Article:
The uncomfortable truth in ‘tech bro’s’ viral letter on homelessness
Software developer Justin Keller has drawn a firestorm of critics after posting a blog post that laments the homelessness problem in San Francisco.
As San Francisco continues to struggle with its ever present homelessness problem, one man has taken it upon himself to emphasize the extent of the crisis.
Complaining that the “the pain, struggle, and despair of homeless people” are all but too visible for working professionals like himself, software developer Justin Keller has drawn immense criticism for his open letter of grievances.
He wrote, for instance, about an uncomfortable situation in which a homeless man disrupted his date at a movie theater. Critics have pounced on his use of capitalism as a justification for his annoyance with the less fortunate.
“I know people are frustrated about gentrification happening in the city, but the reality is, we live in a free market society,” he wrote in a blog post Monday, addressing Mayor Ed Lee and police chief Greg Surh. “The wealthy working people have earned their right to live in the city. They went out, got an education, work hard, and earned it. I shouldn’t have to worry about being accosted."
As numerous commentators have highlighted, the massive influx of tech workers – Mr. Keller says in his letter that he moved to San Francisco recently himself – have helped to turn San Francisco into one of the most expensive cities in the United States.
But however tone deaf, Keller does raise a couple valid points, specifically that homelessness has reached the level of a crisis level in San Francisco and residents and elected officials need to work together to find solutions.
“Money and political pressure can make change,” he said. “So it is time to start making progress, or we as citizens will make a change in leadership and elect new officials who can.”
Since the tech sector exploded far beyond its enclave in Silicon Valley and began to set up camp in the heart of San Francisco, gentrification and skyrocketing rent prices have driven many of the city’s low-income natives from their homes. And for that, they blame the tech workers, and Keller is only the latest to exacerbate the antagonism (in 2013, startup founder Peter Shih elicited mass outrage against a personal essay decrying homelessness).
“As a SF native, please know ... you and your tech ‘friends’ have ruined our city beyond repair,” one man tweeted to Keller.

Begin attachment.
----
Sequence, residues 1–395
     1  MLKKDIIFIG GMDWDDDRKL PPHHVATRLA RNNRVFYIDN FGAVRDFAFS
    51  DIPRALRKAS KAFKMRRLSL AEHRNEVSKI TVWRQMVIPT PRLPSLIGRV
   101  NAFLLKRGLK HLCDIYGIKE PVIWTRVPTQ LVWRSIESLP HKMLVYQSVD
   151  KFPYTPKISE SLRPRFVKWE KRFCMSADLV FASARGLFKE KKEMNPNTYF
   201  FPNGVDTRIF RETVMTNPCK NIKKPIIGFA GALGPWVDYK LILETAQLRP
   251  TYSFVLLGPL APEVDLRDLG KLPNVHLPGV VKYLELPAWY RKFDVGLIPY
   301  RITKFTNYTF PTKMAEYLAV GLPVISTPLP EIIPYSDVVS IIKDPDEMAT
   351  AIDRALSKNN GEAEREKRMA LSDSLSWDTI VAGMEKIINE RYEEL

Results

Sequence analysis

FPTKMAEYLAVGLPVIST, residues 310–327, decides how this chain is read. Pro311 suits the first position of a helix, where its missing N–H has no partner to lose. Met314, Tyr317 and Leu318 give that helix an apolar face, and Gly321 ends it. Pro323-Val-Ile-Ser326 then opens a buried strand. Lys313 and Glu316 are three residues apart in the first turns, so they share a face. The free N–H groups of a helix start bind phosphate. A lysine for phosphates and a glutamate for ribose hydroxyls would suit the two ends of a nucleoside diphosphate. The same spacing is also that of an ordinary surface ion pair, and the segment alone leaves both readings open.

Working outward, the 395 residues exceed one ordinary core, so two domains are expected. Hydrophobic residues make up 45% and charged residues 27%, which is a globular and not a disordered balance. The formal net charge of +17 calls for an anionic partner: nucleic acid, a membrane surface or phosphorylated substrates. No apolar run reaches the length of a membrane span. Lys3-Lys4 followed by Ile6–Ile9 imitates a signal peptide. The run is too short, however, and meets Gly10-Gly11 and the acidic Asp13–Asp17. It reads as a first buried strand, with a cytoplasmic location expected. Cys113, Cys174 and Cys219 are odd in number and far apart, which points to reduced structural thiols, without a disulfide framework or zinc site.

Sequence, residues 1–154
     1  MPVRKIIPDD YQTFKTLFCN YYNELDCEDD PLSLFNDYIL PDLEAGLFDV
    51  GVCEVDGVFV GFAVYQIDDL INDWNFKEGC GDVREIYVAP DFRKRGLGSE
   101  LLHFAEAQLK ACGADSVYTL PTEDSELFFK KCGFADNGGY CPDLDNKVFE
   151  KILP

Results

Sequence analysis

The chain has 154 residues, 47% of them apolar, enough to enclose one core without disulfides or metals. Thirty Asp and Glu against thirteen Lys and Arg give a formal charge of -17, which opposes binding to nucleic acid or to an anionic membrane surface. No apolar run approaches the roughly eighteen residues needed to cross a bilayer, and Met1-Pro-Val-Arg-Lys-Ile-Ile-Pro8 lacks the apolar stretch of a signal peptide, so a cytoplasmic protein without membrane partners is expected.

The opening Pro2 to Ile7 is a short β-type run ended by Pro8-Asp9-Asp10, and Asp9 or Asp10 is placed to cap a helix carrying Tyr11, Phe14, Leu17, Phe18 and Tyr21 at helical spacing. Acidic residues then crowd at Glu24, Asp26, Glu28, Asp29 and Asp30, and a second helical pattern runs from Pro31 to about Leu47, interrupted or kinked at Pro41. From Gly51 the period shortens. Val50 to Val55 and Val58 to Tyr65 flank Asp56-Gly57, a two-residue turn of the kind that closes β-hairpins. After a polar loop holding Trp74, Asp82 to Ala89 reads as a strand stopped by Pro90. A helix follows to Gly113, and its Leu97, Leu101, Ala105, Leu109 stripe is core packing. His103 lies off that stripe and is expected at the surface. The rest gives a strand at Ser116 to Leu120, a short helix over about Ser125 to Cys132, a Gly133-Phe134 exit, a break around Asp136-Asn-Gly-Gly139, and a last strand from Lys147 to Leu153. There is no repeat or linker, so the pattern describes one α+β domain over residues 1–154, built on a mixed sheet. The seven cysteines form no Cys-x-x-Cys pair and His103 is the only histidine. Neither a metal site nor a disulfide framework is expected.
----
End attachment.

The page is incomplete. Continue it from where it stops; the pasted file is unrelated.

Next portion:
Even those in his field have expressed disapproval.
“Bro, when you write famously idiotic comments on homelessness, you justify the vilification of tech in [San Francisco],” tweeted a tech entrepreneur.
Keller nonetheless brought up a question that few of his critics have acknowledged: Why is it that homelessness in San Francisco, which has been a publicly lamented issue since the 1980s, continues to rise so steeply?
Second to only New York City, the Bay Area city has the highest density of homeless people: 149 per square mile. But unlike New York, it has fewer shelters that keep people off the streets. San Francisco is also home to more chronically homeless people and those who have mental illnesses, as Fusion’s Kashmir Hill reports. It doesn’t help that the city’s poorest neighborhood is literally right next door to its commercial center.
But there have been proven solutions to the problem.
While Keller’s manifesto doesn’t provide any productive suggestions to combat homelessness, he got one thing right: Individuals and elected leaders can feasibly work together towards progress.
San Francisco’s 2016 budget, for instance, already devotes nearly $6 million to neighborhood development and housing units for the homeless. As Ms. Hill notes, the proposed emergency shelter plan will house over 2,000, though that’s only a third of the city’s homeless population. And there has been proven success in eradicating homelessness, she writes:
The only state that has dramatically solved its homeless problem is Utah. It did so by giving homeless people homes and providing them with counseling. Utah focused on its chronically homeless, cutting the size of that population by 91 percent over a decade. According to state officials, the solution has saved the state millions of dollars. It’s cheaper to give someone an apartment than to deal with the costs incurred from their living on the street, with police encounters, jail time, and emergency room visits.